Tuesday, June 3, 2014

[Review] Revenge by Yoko Ogawa

Rating: 4 stars
Genre: Short stories, Japanese Lit, Horror, Contemporary
Synopsis: Sinister forces draw together a cast of desperate characters in this eerie and absorbing novel from Yoko Ogawa.

An aspiring writer moves into a new apartment and discovers that her landlady has murdered her husband. Years later, the writer’s stepson reflects upon his stepmother and the strange stories she used to tell him. Meanwhile, a surgeon’s lover vows to kill him if he does not leave his wife. Before she can follow-through on her crime of passion, though, the surgeon will cross paths with another remarkable woman, a cabaret singer whose heart beats delicately outside of her body. But when the surgeon promises to repair her condition, he sparks the jealousy of another man who would like to preserve the heart in a custom tailored bag. Murderers and mourners, mothers and children, lovers and innocent bystanders—their fates converge in a darkly beautiful web that they are each powerless to escape.

Macabre, fiendishly clever, and with a touch of the supernatural, Yoko Ogawa’s Revenge creates a haunting tapestry of death—and the afterlife of the living.

So because I saw that they recently added it to Netflix, I rewatched Kill Bill. "Revenge is a dish best served cold" indeed. However, the book isn't really about revenge. Certainly there are characters that serve it up real cold, but the theme is really about all those dark emotions that tend to manifest in humanity: despair, resentment, cynicism, obsession with the macabre, etc, etc. The title Revenge makes it seem like some sort of action thriller Kill Bill Uma Thurman style when it's not.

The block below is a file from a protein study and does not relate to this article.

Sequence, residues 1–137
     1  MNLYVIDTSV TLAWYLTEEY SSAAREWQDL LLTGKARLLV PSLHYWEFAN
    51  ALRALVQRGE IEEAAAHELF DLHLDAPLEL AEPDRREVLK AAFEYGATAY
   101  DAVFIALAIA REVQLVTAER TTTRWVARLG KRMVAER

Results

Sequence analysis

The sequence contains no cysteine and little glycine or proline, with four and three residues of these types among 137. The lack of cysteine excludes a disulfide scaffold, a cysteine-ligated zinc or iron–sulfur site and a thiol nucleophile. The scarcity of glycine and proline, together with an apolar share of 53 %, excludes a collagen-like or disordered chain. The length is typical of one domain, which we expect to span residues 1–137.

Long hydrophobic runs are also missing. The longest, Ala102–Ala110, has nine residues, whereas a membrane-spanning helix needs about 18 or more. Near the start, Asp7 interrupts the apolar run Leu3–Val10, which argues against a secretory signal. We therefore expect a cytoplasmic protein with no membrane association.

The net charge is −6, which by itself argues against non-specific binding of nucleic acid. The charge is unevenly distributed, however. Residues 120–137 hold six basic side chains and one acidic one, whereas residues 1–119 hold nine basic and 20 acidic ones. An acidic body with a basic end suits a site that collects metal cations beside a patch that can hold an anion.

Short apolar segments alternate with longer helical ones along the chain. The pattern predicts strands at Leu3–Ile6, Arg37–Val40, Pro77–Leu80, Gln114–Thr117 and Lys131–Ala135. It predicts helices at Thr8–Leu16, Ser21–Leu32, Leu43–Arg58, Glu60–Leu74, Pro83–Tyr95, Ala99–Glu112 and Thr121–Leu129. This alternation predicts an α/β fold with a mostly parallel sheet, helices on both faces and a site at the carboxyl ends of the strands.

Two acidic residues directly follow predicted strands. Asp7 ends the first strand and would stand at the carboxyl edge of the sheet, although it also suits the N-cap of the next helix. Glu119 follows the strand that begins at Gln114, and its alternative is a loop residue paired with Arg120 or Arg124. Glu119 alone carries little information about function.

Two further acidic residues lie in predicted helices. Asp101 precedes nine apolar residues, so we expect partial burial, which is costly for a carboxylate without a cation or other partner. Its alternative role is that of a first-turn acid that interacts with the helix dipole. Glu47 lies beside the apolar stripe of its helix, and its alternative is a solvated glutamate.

I know when I finished reading the first story "Afternoon at the Bakery" (doesn't Murakami have a story titled similarly, I can't recall), I was like "Oh, this is pretty dark and awesome, but what does it have to do with revenge?" Hence, don't have your heart set out on vengeance. I don't know what's wrong with the publishers who worked on this book, but the title and the cover make no sense with the actual content and it drives me nuts. It's a huge pet peeve of mine. They did the same thing to another Japanese novel (which I will get around to reviewing soon). I'm sure the publishers did it so it would sell better, but it is completely unnecessary and actually quite distasteful.

Yoko Ogawa's writing has very little flourish. It's sparse and a little deadpan. The woman gets to the point. A game I played while reading through the short stories was trying to guess, before other characters in the story clue me in, whether the speaker is a male or a female. It's seriously not easy. Kudos Yoko Ogawa for your genderless writing style.

Each story connects to the others in some sort of way, though the stories can be read out of order or stand alone, the full creepy effect isn't achieved if you don't read the whole thing. Here's a quotation that sets the tone for the rest of the stories. From the first short "Afternoon at the Bakery" about a mother grieving over her murdered son:

"The door would not open no matter how hard you pushed, no matter how long you pounded on it. The screams no one heard. Darkness, hunger, pain. Slow suffocation. One day it occurred to me that I needed to experience the same suffering he had...so I took a deep breath, curled myself into a ball, and slowly worked my way inside. As the door closed, all lights vanished. I could no longer tell whether my eyes were open or shut, and I realized it made no difference in here. The walls of the refrigerator were still cool. Where does death come from?"

Eerie right? There's a story about a woman who grows carrots that look like hands, a torture museum, a woman whose heart comes out of her chest, etc. It's all very unusual and a little unsettling. Overall I give it four stars. I think it is a splendid book that anyone interested in the macabre should definitely take a look at.

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